Mayor Whaley promotes ACA sign-ups

Credit: DaytonDailyNews

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The final deadline for enrollment in private health plans under the ACA is Jan. 31, and Dayton Mayor Nan Whaley on Tuesday encouraged everyone eligible to sign up.

Credit: DaytonDailyNews

Dayton Mayor Nan Whaley on Tuesday encouraged eligible Dayton-area residents to sign up for private health insurance under the Affordable Care Act (ACA) before the final deadline for enrollment on Jan. 31.

Consumers have until Jan. 15 to sign up for coverage that starts Feb. 1, and, so far, more than 230,000 Ohioans have re-enrolled or signed up for first time for commercial health plans sold through the Health Insurance Marketplace created by the ACA.

Nationwide, more than 11.5 million people were signed up for marketplace coverage as of Dec. 24 — an increase of 286,000 compared to the same period a year ago, according to a press release Tuesday from the U.S. Department of Health and Human Services.

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Dayton Mayor Nan Whaley on Tuesday encouraged eligible Dayton-area residents to sign up for coverage under the Affordable Care Act before the final deadline for enrollment on Jan. 31. CORNELIUS FROLIK / Staff

Dayton Mayor Nan Whaley on Tuesday encouraged eligible Dayton-area residents to sign up for coverage under the Affordable Care Act before the final deadline for enrollment on Jan. 31. CORNELIUS FROLIK / Staff

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Dayton Mayor Nan Whaley on Tuesday encouraged eligible Dayton-area residents to sign up for coverage under the Affordable Care Act before the final deadline for enrollment on Jan. 31. CORNELIUS FROLIK / Staff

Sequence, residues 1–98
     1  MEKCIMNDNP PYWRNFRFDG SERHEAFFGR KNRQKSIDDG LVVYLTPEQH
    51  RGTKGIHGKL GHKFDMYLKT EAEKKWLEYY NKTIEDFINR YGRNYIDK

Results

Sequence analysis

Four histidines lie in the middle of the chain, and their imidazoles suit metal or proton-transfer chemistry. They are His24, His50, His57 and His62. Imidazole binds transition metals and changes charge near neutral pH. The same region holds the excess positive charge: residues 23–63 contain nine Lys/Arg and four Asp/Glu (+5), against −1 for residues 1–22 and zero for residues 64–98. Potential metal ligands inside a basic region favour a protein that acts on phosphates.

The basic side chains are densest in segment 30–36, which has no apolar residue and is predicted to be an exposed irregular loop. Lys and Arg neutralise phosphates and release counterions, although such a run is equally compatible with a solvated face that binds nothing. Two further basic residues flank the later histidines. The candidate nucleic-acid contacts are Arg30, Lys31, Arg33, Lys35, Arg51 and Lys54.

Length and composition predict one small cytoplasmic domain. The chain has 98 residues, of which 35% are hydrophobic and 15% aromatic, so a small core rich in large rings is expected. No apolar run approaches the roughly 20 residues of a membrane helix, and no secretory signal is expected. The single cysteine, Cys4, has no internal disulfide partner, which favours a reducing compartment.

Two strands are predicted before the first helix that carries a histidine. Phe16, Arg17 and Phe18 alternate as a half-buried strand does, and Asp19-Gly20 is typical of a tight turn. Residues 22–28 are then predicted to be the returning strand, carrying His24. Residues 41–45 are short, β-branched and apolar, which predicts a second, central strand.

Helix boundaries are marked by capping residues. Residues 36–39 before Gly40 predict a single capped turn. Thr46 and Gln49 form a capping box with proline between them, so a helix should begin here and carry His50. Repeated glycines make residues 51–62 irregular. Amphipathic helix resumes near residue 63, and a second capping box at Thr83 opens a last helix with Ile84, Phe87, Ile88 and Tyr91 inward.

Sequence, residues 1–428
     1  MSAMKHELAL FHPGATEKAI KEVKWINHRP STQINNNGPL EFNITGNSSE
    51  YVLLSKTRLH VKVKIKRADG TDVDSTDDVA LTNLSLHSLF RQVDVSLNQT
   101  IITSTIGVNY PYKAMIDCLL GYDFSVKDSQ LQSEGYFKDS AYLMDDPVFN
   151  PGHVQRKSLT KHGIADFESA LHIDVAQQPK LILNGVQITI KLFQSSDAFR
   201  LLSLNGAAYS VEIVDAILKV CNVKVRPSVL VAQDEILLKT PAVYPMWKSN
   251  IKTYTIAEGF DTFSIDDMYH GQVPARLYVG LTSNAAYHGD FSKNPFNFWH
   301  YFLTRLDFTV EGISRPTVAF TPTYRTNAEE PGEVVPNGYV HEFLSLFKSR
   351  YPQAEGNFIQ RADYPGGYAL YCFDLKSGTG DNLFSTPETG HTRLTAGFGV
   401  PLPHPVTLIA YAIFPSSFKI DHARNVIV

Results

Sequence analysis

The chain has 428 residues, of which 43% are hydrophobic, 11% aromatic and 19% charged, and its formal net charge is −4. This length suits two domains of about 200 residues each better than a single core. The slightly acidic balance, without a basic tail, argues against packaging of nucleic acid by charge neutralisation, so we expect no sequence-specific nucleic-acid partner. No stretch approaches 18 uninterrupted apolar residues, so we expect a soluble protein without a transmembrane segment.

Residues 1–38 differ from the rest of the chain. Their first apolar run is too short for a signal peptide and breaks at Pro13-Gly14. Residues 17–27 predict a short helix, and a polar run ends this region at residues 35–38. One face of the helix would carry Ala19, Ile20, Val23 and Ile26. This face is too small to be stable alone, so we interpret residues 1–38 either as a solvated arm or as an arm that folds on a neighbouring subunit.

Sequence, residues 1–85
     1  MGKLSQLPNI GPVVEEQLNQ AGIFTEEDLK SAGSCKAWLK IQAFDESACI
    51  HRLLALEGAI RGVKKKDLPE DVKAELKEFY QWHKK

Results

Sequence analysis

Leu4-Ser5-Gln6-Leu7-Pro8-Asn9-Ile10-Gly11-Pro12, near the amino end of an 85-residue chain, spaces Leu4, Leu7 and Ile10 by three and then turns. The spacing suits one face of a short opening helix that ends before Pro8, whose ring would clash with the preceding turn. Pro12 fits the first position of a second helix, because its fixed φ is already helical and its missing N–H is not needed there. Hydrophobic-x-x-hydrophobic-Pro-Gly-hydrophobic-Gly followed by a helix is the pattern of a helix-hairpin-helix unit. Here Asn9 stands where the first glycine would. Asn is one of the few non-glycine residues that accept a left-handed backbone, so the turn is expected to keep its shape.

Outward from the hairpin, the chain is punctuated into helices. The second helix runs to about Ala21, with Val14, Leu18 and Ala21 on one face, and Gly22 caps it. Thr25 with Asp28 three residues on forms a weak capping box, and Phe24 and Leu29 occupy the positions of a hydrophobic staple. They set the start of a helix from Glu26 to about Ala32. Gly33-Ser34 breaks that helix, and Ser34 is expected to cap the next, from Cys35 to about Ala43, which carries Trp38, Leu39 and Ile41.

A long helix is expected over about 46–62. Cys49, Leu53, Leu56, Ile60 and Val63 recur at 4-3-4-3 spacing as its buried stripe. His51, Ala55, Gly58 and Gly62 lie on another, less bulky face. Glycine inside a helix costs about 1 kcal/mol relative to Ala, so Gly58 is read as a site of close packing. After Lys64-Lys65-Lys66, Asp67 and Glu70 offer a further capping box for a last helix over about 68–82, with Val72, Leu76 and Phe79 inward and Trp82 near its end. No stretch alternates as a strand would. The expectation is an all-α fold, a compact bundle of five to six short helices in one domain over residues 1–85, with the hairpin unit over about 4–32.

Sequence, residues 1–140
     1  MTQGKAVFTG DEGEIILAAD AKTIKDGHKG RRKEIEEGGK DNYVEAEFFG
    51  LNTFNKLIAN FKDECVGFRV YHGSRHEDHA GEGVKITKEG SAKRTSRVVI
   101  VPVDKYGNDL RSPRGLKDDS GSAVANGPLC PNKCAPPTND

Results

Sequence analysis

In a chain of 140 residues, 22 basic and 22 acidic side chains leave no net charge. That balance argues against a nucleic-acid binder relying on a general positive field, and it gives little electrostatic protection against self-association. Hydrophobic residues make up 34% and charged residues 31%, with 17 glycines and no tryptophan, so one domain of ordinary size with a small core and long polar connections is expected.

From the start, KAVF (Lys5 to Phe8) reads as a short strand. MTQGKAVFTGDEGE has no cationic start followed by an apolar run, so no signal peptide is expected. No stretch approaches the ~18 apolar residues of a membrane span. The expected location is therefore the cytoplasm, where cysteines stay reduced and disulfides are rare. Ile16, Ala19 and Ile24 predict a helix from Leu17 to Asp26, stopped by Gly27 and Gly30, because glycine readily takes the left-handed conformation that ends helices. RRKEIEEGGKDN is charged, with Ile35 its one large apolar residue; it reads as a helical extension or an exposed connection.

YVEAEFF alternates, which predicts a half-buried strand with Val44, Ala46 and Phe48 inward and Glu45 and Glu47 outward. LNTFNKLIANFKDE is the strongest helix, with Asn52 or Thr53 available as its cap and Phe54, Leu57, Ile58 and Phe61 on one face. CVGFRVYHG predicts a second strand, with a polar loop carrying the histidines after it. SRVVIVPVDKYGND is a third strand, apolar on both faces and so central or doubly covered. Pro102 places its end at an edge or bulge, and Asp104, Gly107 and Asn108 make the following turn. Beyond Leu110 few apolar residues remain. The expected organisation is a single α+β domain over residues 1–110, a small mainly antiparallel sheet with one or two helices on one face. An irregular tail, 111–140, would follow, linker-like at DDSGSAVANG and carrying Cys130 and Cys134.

During a conference call with reporters, Whaley said access to health insurance under the ACA, commonly known as Obamacare, has helped the local community stay healthy and productive, and she pledged to support the health law to “make sure that our communities and our families have options for health care.”

The law has come under fire from President-elect Donald Trump and Congressional Republicans who have promised to repeal and replace the law, which they believe is too costly and inefficient.

Last Tuesday, Republican Senate leaders introduced a bill that would use budget reconciliation to freeze funding and undo key elements of the law, but they have yet to introduce replacement legislation.

HHS Regional Director Kathleen Falk said repealing the law without an immediate replacement would jeopardize health coverage for more than 20 million Americans who have helped drive down the share of medically uninsured to its lowest level in the nation’s history.

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